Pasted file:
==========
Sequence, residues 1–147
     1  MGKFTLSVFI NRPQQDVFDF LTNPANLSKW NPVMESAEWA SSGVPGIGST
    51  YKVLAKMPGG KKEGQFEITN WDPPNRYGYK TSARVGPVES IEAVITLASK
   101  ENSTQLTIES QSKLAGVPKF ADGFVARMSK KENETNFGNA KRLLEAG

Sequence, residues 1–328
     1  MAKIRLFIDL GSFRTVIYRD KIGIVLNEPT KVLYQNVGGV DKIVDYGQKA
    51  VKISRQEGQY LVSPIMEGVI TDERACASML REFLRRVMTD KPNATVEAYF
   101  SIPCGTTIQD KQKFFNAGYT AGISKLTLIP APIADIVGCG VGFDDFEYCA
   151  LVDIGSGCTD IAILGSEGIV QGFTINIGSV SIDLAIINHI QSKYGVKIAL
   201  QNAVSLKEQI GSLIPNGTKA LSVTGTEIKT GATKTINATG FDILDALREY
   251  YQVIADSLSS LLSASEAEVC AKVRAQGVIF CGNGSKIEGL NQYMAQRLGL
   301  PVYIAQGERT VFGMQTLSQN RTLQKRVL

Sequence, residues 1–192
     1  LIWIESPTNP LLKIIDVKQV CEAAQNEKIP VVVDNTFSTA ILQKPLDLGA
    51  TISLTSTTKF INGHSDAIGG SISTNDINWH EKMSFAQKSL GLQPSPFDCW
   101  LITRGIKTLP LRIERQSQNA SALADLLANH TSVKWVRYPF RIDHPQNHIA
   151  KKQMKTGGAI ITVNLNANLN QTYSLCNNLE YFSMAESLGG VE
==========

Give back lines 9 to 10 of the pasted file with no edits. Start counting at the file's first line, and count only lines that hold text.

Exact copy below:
   151  LVDIGSGCTD IAILGSEGIV QGFTINIGSV SIDLAIINHI QSKYGVKIAL
   201  QNAVSLKEQI GSLIPNGTKA LSVTGTEIKT GATKTINATG FDILDALREY